White Desert: The week a Beast from the East came to stay
It was dubbed Snowmageddon and some of us doubted it was real. When the country awoke to blankets of white and the blizzards came, the dire forecasts seemed justified
We do big weather events differently nowadays. It is not like the past when we looked out our windows with an element of surprise and the storm or the blizzard was happening before our eyes.
As sheep farmer Andrew Kinsella told me on his Wicklow farm after bringing his sheep into the shed in preparation for the great white out: "When I was younger we never heard about snow before it happened.
"But then we might go outside one morning and, Jesus Christ, there might have been a foot of snow on the ground - and we just got on with it."
Now grave looking meteorologists, ministers, civil servants and members of the defence forces gather at the National Emergency Coordination Committee.
They make startling public announcements, as if we were preparing for the aftermath of a nuclear war.
Pointing at impending storms crossing computer screens, the normally smiling Evelyn Cusack looked sombre as she flagged the blizzard scarlet red.
When army men in battle fatigues appeared live on TV screens to give stern advice this week, it almost felt as if there had been a coup.
Earlier in the week, some felt it was alarmist scaremongering when we were warned repeatedly of the impending snowmageddon.
But when the country woke up on Wednesday morning to blankets of white snow, blocked driveways, city roads blending into pavements in a carpet of pristine white, and a patchwork of glistening fields that were barely distinguishable from the roads, the emergency planners probably felt well justified.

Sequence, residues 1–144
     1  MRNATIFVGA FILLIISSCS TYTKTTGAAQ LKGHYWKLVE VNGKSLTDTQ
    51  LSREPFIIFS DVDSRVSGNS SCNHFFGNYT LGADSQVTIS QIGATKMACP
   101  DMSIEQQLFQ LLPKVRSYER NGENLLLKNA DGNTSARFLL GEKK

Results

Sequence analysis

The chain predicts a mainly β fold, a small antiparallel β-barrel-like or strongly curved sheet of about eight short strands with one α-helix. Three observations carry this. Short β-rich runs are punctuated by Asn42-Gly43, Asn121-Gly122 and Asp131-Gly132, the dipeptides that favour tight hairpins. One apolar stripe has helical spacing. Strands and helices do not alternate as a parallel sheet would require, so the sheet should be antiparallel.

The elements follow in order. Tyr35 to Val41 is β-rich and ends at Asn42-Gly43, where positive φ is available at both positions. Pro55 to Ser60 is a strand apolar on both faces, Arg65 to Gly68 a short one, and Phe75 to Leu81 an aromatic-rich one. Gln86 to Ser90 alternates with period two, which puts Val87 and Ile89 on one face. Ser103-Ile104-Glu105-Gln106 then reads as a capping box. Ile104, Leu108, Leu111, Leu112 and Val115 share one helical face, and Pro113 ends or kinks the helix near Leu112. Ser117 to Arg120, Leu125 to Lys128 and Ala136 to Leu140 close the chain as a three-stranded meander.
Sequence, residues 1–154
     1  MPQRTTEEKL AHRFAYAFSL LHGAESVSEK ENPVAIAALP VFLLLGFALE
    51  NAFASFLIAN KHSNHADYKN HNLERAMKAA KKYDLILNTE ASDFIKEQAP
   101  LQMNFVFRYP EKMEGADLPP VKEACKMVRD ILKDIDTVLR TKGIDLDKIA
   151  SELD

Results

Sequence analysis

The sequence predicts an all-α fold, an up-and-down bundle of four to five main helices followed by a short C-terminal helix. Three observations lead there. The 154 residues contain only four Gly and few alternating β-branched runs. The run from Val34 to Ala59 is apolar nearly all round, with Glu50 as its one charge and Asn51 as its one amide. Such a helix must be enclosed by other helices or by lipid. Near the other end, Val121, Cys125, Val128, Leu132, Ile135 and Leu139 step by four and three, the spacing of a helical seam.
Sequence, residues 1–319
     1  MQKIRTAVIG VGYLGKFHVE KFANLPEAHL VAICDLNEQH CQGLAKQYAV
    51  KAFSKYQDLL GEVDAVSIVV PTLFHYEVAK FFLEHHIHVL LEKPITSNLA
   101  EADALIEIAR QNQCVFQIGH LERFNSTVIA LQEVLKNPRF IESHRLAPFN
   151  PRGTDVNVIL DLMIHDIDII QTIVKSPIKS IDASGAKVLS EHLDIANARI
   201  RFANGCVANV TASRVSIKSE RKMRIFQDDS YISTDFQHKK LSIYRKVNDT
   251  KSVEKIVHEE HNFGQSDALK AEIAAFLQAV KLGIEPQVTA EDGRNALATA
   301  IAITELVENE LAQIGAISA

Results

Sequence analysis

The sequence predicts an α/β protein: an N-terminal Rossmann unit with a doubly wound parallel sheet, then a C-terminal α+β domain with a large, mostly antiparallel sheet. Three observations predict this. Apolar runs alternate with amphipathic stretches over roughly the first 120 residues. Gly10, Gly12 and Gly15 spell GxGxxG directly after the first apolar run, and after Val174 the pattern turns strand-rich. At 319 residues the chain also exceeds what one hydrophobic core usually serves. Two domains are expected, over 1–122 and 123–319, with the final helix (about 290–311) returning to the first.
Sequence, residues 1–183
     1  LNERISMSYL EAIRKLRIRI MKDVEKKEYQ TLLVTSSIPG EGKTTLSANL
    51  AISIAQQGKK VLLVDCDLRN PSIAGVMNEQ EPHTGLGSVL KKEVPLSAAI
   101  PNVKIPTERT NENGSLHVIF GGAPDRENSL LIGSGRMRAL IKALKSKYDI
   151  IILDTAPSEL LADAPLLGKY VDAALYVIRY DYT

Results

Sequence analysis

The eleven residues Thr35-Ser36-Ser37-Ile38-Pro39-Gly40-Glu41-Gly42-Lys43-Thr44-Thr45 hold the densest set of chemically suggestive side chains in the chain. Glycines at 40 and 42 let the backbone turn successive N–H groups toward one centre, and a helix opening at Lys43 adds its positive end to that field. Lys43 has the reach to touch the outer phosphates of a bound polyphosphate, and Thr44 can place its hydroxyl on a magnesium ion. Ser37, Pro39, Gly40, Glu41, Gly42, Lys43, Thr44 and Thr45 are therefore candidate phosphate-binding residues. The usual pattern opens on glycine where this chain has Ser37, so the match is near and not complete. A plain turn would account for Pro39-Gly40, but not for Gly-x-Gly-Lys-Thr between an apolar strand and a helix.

We did not have much excuse if we were not prepared for all of this.
We were warned that the Beast from the East was about to clash with Storm Emma above Ireland - a contest that was billed as the meteorological equivalent of Joe Frazier versus Muhammad Ali.
Like Gabriel, the character in James Joyce's story The Dead, we watched sleepily the flakes, silver and dark, falling obliquely against the lamplight.
As it was in Joyce's time, snow was falling on every part of the dark central plain, on the treeless hills, "falling softly upon the Bog of Allen".
And then the wind picked up and it came down in a blizzard, those who were out felt like Tom Crean trudging wearily across the mountains of South Georgia.
According to the RTÉ newsreaders, roads were as "treacherous" as Judas Iscariot taking his thirty pieces of silver.
Once his sheep were safely rounded up from the hills around Ballinaclash, the hardy and unflappable Wicklow sheep farmer Andrew Kinsella was content enough.
His only concern was that the water might freeze in the pipes and cut off the supply to his animals.
For some sheep farmers, the lambing season had come too soon. But Wicklow farmers are canny enough to leave the lambing season until some time around St Patrick's Day, when the young ones are less likely to freeze.
Euphoria in an era of global warming
Children, many of whom had hardly seen a decent snowfall in the era of global warming, were naturally besides themselves with euphoria as the flakes fell.
When the rough Beast from the East arrived, they no longer had to slouch reluctantly to school. The classrooms were shut down - and so the children came out to play.
They might not see another significant accumulation of snow for a decade, by which time they may have grown up, with global temperatures that bit warmer.
Christmas FM came back on air for the days that were in it, and Ryan Tubridy put on his festive jumper.